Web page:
Hamilton 84.0 E 42.5 S 32 Marinus K (IAU 4559a) = Kelvin (Franz
Hartwig 80.5 W 6.5 S 50 Possibly Riccioli E (IAU 1964)
Hayn 84.0 E 64.5 N 46 Strabo G (IAU 424e)
Hedin 76.5 W 3.0 N 74 Sven Hedin (Fauth)
Hermite 80.0 W 86.0 N 65
Hubble 86.5 E 22.0 N 42 Plutarch A (IAU 26a) = Plutarch (Franz
Jansky 90.0 E 8.5 N 35
Jeans 94.0 E 57.0 S So Mare Australe q (Franz 1357)
Kapteyn 70.5 E 10.5 S 29 Lapeyrouse B (lAU 4769)
Krasnov 80.0 W 30.0 S 23 Lagrange F (IAU 2228)=(Franz 837)
Lamarck 70.0 W 22.5 S 55 Southern part of Darwin (lAU 2081)
Lamé 64.5 E 14.5 S 46 Vendelinus C (IAU 4699)
Langley 86.5 W 51.0 N 37 Regnault (Schm.)
Liapunov 90.0E 26.5 N 36 Timoleon (Schm.)
Lyot 84.0 E 50.5 S 63 Brisbane G (IAU 4540b)
Markov 62.5 W 53.5 N 24 Oenopides A (IAU 1713)
Moseley 91.0 W 21.0 N 45
Nansen 88.0 E 80.5 N 60 Contains Franz’s points 468 and 469
Pascal 68.5 W 74.5 N 63 Carpenter D (IAU 1361 and 1694) =
Anaximander c (Franz 546)
Peary 20.0 E 87.5 N 50 Gioja B (IAU 1018b)
Planck 87.0 W 8.0 N 45
Poncelet 54.0 W 75.5 N 40 Anaximenes F (IAU 1359a) = (Franz 562)
Rayleigh 89.5 E 29.0 N 52
Riemann 87.5 E 39.5 N 60
Rontgen 89.0 W 33.0 N 56
Russell 75.5 W 26.5 N 55 Northern part of Otto Struve (IAU 1901)
Schlüter 83.5 W 6.0 S So Malvasia (Schr.) Floor contains Mare Hiemis (lAU 1975a). Possibly=Riccioli A (IAU 1962)
Scott 47.0 E 82.5 S 6o Scott (Wilkins and Moore)
Shaler 85.0 W 33.0 S 22
Stefan* 94.0 W 72.0 S 78
Stokes 89.0 W 72.0 N 35
Sylvester 79.5 W 82.5 N 35 Philolaus p (Franz 730)
Volta 85.0 W 53.5 N 65
Wright 86.5 W 31.5 S 22
Joliot-Curie 93.0 E 25.5 N 82 Note: Floor contains Mare Novum (IAU 140a}, which is Joliot-Curie of the Soviet Lunik III photography.

*Possibly not a true formation.

Explanation of symbols

IAU : Blagg and Müller, Named Lunar Formations, 1935
Schm. Schmidt, J., Charte der Gebirge des Mondes, 1878
Schr. Schröter, Selenotopographische Fragmente, 1791 and 1802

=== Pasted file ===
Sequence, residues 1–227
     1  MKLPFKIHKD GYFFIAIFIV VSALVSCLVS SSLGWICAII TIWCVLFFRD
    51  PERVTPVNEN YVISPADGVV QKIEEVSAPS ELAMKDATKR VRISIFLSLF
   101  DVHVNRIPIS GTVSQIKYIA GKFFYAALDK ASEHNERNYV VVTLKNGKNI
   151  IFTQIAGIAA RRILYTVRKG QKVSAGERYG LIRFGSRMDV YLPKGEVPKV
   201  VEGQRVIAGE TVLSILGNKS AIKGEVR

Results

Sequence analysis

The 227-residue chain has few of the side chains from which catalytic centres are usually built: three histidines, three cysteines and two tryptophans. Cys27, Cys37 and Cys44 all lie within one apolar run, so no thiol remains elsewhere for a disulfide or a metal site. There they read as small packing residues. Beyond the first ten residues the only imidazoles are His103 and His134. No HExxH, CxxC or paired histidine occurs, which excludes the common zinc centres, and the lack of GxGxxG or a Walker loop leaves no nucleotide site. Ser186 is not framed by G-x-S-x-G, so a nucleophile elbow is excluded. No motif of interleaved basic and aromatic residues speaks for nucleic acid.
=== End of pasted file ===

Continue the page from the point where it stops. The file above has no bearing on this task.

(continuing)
R = lunar radius

Table 2 : Nomenclature revisions



J. Cassini, Mare Novum, W. Pickering, Schneckenberg


Montes Rook

Additions (see also Table I)

Rupes Cauchy, Rupes Kelvin, Rupes Liebig, Vallis Baade, Vallis Inghirami, Mare Cognitum

Changed outlines

Anaximander, Darwin, Hecateus, Meton, Struve

Changed identifications

Brisbane, Regnault, Ulugh Beigh

Spelling changes etc.

La Caille, La Condamine, La Hire, La Pérouse, Le Gentil, Le Monnier, Le Verrier, Regnault, Mare Struve, Struve


Mons Argaeus, Montes Apenninus, Montes Carpatus, Montes Caucasus, Montes Cordillera, Montes D’Alembert, Montes Doerfel, Montes Haemus, Montes Harbinger, Montes Hercynii, Montes Jura, Montes Leibnitz, Montes Pyrenaeus, Montes Recti, Montes Riphaeus, Montes Rook, Montes Taurus, Montes Teneriffe, Vallis Alpes, Vallis Rheita, Vallis Schröteri, Rupes Altai, Rupes Cauchy, Rupes Recta, Rima Ariadaeus, Rima Byrgius, Rima Hyginus, Rima Sirsalis, Prom. Fresnel, Prom. Kelvin.

Une discussion genérale à lieu a laquelie participent notamment MM. Arthur, Dollfus, le Père Hoyden, Hopman, Kopal, Martynov, Menzel, Rackham, Rösch, Shoemaker, Tombaugh, Wildt.

Ii est recornmandé d’éviter de faire précéder les noms propres par les initailes de prénoms lorsque cellos-ci ne sont pas nécessaires.

Le rapport précédent est adopté.

L’impact de la sonde spatiale Range VII dans la région sombre lunaire elliptique comprise entre les cratères Guéricke, Bompland, Darney et Montes Riphaeus a attiré l’attention sur le fait quo cette mer n’était pas clairement dénommée.
Le Professeur Kuiper propose deux noms possibles: Mare Exploratum ou Mare Cognitum.

Apres one attentive discussion, la désignation Mare Cognitum est retenue.

Le comité `Nomenclature et Cartographic de la Surface Lunaire’ est maintenu avec sa composition initiale complétée par le Dr Arthur.